Nonprofit’s ‘transformation’ of center at Air Force Museum readies final phase

The project’s goal is to create an “engaging STEM-based educational environment” that “inspires the aviation workforce oftomorrow.”


A nonprofit’s plan to transform its center at the National Museum of the U.S. Air Force — one of the Dayton region’s largest attractions — is readying its third and final phase.

Since 2020, the National Aviation Hall of Fame (NAHF), located at 1100 Spaatz St. in Dayton, has been renovating its 17,000-square-foot Heritage Hall and Education Center — resulting in the Hubble Docking Simulator, the interactive SightFlyer exhibit and a new immersive theater. An innovation lab is scheduled to open later this year.

Now, the organization has outlined plans for the third and final phase of the project, an estimated $2.2 million investment. It will “bring the remaining exhibits and galleries to life” — including flight simulators, airplane engine interactives and strategy games — sharing the “stories of America’s aviation pioneers to educate and inspire our nearly 400,000 annual visitors,” NAHF officials said.

“Through interactive digital displays and holograms, we will share the stories of our American aviation legends,” officials said.

The goal is to transform the HHEC into an “engaging STEM-based educational environment” that “inspires the aviation workforce of tomorrow.”

The final phase should wrap up and open in spring 2026, Aimee Maruyama — who was named as the NAHF’s president and CEO last year — told the Dayton Business Journal.

Aimee Maruyama is president and CEO of the National Aviation Hall of Fame (NAHF).

To fund the final leg of the effort, the group is asking the Dayton Region Priority Development & Advocacy Committee (PDAC) for over $850,000. The NAHF, has already secured $750,000 in private donations, according to its application, with another $600,000 still pending.

In the application, the NAHF outlined Dayton’s storied history in aviation — from the Wright Brothers to Ohio-born astronauts.

“A highly skilled aerospace workforce is essential to fulfilling that legacy,” the organization said. “Yet today, the aerospace industry faces a shortage of trained technical graduates.”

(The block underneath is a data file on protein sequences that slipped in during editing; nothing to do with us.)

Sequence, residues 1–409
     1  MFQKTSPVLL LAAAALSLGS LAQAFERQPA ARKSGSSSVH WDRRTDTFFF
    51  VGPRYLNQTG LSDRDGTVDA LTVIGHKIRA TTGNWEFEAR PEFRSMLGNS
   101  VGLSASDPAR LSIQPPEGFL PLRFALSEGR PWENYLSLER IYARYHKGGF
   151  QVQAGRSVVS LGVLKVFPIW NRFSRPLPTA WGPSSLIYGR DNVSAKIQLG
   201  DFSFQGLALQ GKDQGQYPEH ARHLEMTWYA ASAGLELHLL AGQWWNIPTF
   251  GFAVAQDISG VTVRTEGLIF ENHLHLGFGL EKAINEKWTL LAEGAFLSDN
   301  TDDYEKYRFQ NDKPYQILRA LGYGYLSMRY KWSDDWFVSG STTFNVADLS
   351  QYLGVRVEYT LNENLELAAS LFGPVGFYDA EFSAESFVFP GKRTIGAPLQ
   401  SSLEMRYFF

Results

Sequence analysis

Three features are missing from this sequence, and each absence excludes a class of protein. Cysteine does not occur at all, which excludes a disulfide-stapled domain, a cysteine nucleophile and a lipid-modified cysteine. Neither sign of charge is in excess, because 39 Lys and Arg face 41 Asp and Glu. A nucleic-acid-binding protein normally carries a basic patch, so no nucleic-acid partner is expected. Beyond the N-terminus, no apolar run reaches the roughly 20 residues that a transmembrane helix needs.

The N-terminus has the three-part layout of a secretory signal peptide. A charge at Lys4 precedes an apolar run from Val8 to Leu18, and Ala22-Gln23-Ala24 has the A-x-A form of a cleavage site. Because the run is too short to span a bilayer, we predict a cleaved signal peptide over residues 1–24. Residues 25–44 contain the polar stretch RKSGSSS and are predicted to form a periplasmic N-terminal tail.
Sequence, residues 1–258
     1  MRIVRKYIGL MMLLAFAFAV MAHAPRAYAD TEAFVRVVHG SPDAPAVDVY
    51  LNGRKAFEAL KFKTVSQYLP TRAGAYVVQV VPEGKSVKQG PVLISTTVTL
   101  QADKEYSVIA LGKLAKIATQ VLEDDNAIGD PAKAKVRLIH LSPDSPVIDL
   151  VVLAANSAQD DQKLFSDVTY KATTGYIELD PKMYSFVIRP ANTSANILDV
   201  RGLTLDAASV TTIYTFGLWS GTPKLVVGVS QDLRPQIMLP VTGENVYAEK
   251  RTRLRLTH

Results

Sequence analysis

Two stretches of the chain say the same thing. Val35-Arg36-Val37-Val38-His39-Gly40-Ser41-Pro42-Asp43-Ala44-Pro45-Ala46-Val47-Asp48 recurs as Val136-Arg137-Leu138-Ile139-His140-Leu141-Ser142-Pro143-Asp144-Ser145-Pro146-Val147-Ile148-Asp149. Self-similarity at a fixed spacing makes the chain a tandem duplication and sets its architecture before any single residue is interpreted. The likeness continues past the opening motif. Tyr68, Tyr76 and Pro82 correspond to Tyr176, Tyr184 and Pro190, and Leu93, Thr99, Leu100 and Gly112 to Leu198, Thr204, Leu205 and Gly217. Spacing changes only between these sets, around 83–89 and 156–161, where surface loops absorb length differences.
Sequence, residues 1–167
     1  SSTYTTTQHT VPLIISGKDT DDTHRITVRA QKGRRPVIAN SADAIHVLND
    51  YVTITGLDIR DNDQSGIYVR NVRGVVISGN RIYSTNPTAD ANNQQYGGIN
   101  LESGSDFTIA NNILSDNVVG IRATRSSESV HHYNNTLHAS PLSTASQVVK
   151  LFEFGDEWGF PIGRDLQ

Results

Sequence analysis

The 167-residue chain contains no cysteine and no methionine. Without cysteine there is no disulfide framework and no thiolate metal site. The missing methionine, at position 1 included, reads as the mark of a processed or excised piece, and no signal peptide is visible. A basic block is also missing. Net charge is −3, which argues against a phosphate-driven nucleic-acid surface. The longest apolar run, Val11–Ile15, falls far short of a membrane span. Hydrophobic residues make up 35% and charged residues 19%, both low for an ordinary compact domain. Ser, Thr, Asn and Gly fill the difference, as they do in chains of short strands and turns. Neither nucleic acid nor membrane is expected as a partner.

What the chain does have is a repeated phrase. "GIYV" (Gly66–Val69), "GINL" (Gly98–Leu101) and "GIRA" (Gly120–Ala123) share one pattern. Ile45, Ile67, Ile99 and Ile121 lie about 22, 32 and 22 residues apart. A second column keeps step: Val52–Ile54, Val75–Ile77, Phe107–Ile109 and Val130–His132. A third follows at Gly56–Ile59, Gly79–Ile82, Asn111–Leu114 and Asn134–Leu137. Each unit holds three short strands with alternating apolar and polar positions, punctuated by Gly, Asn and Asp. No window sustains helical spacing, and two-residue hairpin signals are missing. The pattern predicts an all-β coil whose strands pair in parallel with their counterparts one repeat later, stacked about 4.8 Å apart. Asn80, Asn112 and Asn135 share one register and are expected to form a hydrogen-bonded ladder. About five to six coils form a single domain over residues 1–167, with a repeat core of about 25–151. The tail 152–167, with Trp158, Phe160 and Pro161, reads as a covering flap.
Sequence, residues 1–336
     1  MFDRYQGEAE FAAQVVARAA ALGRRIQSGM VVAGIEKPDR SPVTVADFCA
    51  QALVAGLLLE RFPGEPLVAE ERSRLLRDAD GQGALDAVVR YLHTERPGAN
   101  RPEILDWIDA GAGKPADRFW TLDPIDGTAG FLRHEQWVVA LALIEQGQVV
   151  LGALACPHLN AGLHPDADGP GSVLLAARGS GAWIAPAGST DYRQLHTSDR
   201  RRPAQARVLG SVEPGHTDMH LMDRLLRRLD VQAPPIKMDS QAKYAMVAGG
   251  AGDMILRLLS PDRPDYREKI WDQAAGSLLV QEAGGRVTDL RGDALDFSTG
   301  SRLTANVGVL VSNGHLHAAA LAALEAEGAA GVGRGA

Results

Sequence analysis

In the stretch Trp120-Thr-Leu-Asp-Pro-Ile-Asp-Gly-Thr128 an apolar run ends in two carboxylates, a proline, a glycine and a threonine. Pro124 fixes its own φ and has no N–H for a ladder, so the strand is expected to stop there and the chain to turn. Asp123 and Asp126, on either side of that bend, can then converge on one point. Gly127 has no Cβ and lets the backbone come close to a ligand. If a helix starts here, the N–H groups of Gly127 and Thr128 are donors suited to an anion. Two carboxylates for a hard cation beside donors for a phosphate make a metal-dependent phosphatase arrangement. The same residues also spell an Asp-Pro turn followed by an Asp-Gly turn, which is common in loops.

Maruyama called workforce development in aviation “critical,” adding that the NAHF is also focused on “diversifying” the future of the industry by making its educational programs interactive and accessible.

The final phase will “bring the remaining exhibits and galleries to life,” the National Aviation Hall of Fame said.

Workforce concerns are top of mind for many companies. In the Miami Valley, specifically, some big project wins last year — including air taxi manufacturer Joby Aviation Inc.’s (NYSE: JOBY) planned $500 million, 2,000-job investment at the Dayton International Airport — have led to questions about how to fill the incoming positions.

“From a workforce standpoint, we’re going to rely on our academia partners from our high schools to our vocational schools to our community colleges to our four years,” Jeff Hoagland, president and CEO of the Dayton Development Coalition, told the DBJ on the day Joby announced its Dayton project.

The NAHF has also partnered with PBS’ ThinkTV and the Southwest Ohio Instructional Technology Association on a classroom initiative, which has reached 6,000 classrooms across Ohio.

The PDAC process’ public comment phase ended Nov. 15. All submissions are evaluated by one of five review panels, which submit their recommendations to the full committee for final consideration.